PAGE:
This quote from Theodore Roosevelt rings very true for me this past week (forgive the lack of gender pronoun inclusivity as a sign of the times it was spoken):
“It is not the critic who counts; not the man who points out how the strong man stumbles, or where the doer of deeds could have done them better. The credit belongs to the man who is actually in the arena, whose face is marred by dust and sweat and blood; who strives valiantly; who errs, who comes short again and again, because there is no effort without error and shortcoming; but who does actually strive to do the deeds; who knows great enthusiasms, the great devotions; who spends himself in a worthy cause; who at the best knows in the end the triumph of high achievement, and who at the worst, if he fails, at least fails while daring greatly, so that his place shall never be with those cold and timid souls who neither know victory nor defeat.”
I went back to this quote after listening to the researcher Dr Brene Brown talks about shame and vulnerability and her own experience of stepping into the arena and coping with the consequences. I have been accused of a lot of things this week, being nice, not meeting expectations, failing to demonstrate rage, playing favourites. Keyboard warriors one and all as far as I can tell. In the mean time I have showed up and met with elected officials, debated long and hard with facts and evidence on how some changes can be made with high impact and low action, what levers can be used that will unify and get a result, held myself to account by using non-violent communication techniques, practicing adaptive leadership and trying to have some fidelity to Kahane‘s approach to collaborating with the enemy. I have had mixed results from my practice. It is very hard with the enemy is within, and speaks their own truth from their own arena. One of the reminders for the week is the need for times to withdraw, retreat and indeed cut off supply so that you can recover and stay in the arena you are being called to be in. Daring greatly is the quest to keep showing up in the arena, because as Roosevelt says its not the critic who counts.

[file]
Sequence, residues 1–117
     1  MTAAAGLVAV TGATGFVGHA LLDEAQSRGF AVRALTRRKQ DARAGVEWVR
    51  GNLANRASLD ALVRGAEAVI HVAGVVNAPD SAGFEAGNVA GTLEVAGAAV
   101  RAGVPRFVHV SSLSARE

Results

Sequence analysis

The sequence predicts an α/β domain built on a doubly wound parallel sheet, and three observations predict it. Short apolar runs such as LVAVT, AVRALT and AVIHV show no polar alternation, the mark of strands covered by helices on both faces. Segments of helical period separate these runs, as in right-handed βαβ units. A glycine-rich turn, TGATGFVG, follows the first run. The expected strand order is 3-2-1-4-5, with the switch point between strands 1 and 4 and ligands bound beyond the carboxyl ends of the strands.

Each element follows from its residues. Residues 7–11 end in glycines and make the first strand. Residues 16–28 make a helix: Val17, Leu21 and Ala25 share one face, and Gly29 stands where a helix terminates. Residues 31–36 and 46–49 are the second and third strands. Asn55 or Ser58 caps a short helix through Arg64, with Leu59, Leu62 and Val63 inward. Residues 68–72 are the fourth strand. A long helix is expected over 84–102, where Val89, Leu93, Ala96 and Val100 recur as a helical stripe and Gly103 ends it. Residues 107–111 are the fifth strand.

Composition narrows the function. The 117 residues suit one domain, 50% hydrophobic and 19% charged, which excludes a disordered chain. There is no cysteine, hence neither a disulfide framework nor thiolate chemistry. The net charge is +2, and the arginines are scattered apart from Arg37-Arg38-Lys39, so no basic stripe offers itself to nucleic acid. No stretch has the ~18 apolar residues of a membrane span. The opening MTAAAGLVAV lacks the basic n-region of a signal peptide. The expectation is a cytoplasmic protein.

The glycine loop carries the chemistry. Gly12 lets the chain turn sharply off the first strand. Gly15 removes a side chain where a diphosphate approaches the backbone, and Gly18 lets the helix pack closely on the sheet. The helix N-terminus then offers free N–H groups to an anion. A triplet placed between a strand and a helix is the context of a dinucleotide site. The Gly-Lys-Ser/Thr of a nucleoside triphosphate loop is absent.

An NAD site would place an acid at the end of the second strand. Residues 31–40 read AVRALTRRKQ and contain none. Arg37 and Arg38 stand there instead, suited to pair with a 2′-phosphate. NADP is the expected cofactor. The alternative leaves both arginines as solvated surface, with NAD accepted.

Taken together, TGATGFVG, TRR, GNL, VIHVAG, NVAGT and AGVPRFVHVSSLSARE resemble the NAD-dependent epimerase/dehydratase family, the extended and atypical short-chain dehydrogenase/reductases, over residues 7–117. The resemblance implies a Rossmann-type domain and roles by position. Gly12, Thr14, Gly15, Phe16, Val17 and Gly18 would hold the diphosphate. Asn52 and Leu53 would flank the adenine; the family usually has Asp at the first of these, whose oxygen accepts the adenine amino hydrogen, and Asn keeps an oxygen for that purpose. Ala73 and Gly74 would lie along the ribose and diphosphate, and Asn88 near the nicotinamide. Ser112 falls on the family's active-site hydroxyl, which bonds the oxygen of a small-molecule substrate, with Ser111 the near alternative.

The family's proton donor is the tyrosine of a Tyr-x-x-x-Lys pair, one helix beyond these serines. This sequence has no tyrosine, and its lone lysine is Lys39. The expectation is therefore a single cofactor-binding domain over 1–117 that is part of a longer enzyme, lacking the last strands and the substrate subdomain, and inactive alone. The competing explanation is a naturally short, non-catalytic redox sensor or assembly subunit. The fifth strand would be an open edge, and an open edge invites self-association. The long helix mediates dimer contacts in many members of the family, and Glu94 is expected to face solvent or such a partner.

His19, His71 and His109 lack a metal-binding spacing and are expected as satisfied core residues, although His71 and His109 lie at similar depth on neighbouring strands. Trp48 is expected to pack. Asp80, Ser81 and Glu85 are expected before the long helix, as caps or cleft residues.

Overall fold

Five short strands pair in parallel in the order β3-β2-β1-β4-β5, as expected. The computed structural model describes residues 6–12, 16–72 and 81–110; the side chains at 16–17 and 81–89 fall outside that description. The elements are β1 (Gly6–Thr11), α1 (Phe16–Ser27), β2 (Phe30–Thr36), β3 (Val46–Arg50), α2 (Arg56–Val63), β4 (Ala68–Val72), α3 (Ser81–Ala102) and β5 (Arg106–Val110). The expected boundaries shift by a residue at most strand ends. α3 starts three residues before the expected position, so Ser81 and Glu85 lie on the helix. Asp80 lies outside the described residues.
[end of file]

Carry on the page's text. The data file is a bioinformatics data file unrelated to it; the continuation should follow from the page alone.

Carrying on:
While we need the critics to sharpen our senses, help steer a course even sometimes, they aren’t the ones who show up in the doing. The role of the critic maybe akin to the modern day medieval jester, substituting the rattle for a keyboard, ringing to draw attention to arrival and departure. How effective their power is deployed is determined by the amount of attention we pay to their bells and buzzing. Unlike the role of the fool in Shakespeare however not all modern day jesters speak the truth, they often amplify fake news and use their voices not as speaking truth to power or offering up a riddle to decode, they make noise to draw attention to themselves at the expense of the issue. Some of our most famous ones are in the media – think radio shock jocks and columnists, social media junkies.
As we are on the verge the largest shared responsibility action in human history, people choosing to stay home to help ‘flatten the curve’ of the COVID-19 are helping their neighbours, showing care and support acting to support one another and may lead to more community, more safety for all and have the surprising side effect of supporting the aged, infirmed and vulnerable. It maybe a time too for those jesters with microphones and keyboards to have deeper impact, so beware that in times of fear seeds of anxiety can rapidly be watered and grow into out of control weeds. Stay in the arena by connecting and having conversations, give yourself a break if you need to have one, cut of supply if it becomes toxic for you and use that time to regroup before you go back. I have been thinking about what I can do to support connectivity at this time for myself and others. I have decided to do three things: not going to the shops without asking at least one person if they need me to bring something to them, offering up a nightly zoom to anyone who might want to jump on and say hello to others and working from home. I also got a call about a project this morning that I think could be a game changer so stay tuned for that in a future post. This is a time for community strengthening because of social distancing, not in spite of it. The virus might spread community spirit and community responsibility and that may well be its gift to our times – it is bound to be helping out Gaia to take a breath! Such a paradox with so much potential.
The dynamics of a virtual arena are going to take us to new edges and unleash innovation, lets not count the critics contributions, instead notice and celebrate our leadership marred by dust and sweat and blood, and meet the cold and timid souls with warmth and courage. That seems to be the quest: to hold these tensions together without quite falling apart yourself.